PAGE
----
Chester Theatre Company's 'Tryst': An odd couple in Edwardian London
CHESTER -- In a summer theater season awash with co-dependent couples, none is likely to be more haunting than George Love and Adelaide Pinchin, the twosome whom fate and playwright Karoline Leach throw together in "Tryst" at Chester Theatre Company, now through July 21.
He is a con man who separates vulnerable women from their money -- seducing them, figuratively, into marrying him and then leaving them with nothing after their wedding night.
She is a milliner on the edge of spinsterhood who lives a spare, private, almost reclusive life, sustained by a modest inheritance, an emotionally prized locket and a life more alive in dream than reality.
George is unlike any man Adelaide has met. Adelaide is unlike any woman George has conned. The blend is fateful.
"Tryst" originally was produced as "The Mysterious Mr. Love" in London's West End in 1997 before Leach revised the script and retitled it for its Off-Broadway opening in 2006.
Set in Edwardian London, the play is inspired, in part, by the true case of George Joseph Smith, who was finally brought to justice by Bernard Spilsbury, whose investigative techniques are said to have paved the way for modern criminology.
This production reunites Justin Campbell and Allison McLemore, who played opposite each other in Chester's 2011 production of "Turn of the Screw," and CTC associate artistic director Daniel Elihu Kramer, who directed "Turn of the Screw" and, in 2010, "Gulf View Drive," the third play in Chester's hugely popular "The Nibroc Trilogy," which co-starred McLemore.
Speaking by telephone in a post-rehearsal conference call from his office st Smith College in Northampton, where he chairs the theater department, Kramer said he had heard about "Tryst" but never seen it. When he and CTC artistic director Byam Stevens read the play, they both felt it was a natural for Chester.
"I was attracted by the layers in the play," Kramer said, "the back-and-forth between the two characters, the mix of artifice and the real. It's the kind of play you really want to dig into."
That mix of artifice and real, truth and concealment, trust and suspicion is fundamental to this ingeniously constructed psychological drama about two people, neither of whom is quite what they at first seem to be.
The challenge in playing Adelaide, McLemore said, lies in navigating the contrasting pushes and pulls in her nature.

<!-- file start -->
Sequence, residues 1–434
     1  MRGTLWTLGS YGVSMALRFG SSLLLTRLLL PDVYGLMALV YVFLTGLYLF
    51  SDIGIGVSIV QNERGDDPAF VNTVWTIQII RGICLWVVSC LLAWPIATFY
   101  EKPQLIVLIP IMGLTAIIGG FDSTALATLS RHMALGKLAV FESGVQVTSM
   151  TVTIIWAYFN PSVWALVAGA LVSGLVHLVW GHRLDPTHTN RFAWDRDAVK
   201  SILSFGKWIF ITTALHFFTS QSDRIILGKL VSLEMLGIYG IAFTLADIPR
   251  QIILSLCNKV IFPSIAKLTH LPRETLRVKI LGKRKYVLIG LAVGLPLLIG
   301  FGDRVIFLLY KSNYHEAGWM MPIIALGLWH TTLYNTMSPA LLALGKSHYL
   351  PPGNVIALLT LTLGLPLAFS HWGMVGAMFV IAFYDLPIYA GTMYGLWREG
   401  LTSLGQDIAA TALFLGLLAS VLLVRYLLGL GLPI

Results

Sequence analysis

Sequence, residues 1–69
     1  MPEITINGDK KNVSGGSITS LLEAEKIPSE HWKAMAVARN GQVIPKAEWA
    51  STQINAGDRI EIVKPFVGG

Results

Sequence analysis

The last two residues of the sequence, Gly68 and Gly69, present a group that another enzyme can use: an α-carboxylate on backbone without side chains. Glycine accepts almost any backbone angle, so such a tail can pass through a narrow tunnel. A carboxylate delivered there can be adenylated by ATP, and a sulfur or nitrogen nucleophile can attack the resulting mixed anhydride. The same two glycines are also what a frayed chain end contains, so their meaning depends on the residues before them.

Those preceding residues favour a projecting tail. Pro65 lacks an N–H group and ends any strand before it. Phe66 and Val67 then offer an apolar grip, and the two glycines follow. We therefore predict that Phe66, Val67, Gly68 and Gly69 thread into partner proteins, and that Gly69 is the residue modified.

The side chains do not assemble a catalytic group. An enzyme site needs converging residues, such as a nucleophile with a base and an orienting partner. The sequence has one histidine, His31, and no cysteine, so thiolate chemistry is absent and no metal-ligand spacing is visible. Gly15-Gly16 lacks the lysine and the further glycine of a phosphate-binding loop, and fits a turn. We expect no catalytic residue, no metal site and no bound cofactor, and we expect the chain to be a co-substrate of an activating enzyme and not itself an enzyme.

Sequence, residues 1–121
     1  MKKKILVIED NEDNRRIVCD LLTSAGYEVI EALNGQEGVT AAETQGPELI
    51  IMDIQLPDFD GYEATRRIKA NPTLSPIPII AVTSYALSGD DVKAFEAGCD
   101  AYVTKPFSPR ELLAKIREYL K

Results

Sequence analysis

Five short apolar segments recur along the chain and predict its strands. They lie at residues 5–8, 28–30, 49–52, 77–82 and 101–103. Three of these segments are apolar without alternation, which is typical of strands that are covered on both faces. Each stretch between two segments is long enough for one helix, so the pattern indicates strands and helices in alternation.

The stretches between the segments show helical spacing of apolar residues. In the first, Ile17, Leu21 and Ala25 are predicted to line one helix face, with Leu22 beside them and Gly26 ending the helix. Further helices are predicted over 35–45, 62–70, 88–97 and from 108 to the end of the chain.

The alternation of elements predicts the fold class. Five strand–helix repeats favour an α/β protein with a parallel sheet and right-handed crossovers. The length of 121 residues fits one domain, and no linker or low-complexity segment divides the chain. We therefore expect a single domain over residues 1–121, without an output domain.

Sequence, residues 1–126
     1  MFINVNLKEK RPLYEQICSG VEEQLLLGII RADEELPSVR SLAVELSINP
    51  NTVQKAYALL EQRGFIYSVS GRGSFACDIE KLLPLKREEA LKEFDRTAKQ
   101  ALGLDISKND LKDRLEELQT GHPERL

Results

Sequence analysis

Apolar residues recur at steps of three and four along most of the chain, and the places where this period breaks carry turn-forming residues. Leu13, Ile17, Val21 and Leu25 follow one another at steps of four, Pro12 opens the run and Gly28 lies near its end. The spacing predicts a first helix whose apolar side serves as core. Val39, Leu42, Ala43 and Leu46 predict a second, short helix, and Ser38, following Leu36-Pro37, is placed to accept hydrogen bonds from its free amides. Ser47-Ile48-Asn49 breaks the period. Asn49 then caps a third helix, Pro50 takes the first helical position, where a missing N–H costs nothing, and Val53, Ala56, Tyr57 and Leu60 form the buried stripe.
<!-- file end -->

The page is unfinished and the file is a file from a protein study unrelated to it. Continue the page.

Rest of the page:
"There is this beautiful-ugly difference within her between her dream life and her real life," McLemore said during the conference call.
"I'm still struggling, as an actress, to make credible that (Adelaide) is willing to marry this man after knowing him only three days and yet she is so smart.
"I think she ends up trying to play his game a bit. But there is the question here -- how valuable is the truth? Is it sometimes better to be in the dark?"
"She's carrying a big secret," Kramer added, "and to carry a secret means to carry with you another life."
Campbell believes that underneath all of George's swagger and smug confidence lie fear and insecurity,
"He has a big secret also," Campbell said. "So he's living with that fear, that secret but he also has to be cool and casual.
"I think Adelaide breaks some of that down and chips through that. It's painful to open up your soul (the way she makes him do) and so he reacts."
Kramer, McLemore and Campbell agree that having worked together before and know each other well made this project more appealing.
"Going into that rehearsal; room knowing the people who also are there gives you space to take risks, to fail," McLemore said. "It gives us all freedom (to explore). We want to find the fullest way to tell the story."
What: "Tryst' by Karoline Leach. Directed by Daniel Elihu Kramer
Who: Chester Theatre Company
When: Now through July 21. Eves.: 8 p.m. Wed.-Sat. Mats.: 2 p.m. Thu., Sun.
Where: Chester Town hall, 15 Middlefield Road, Chester
Tickets: $30, $35
How: (1-800) 595-4TIX; chestertheatre.org
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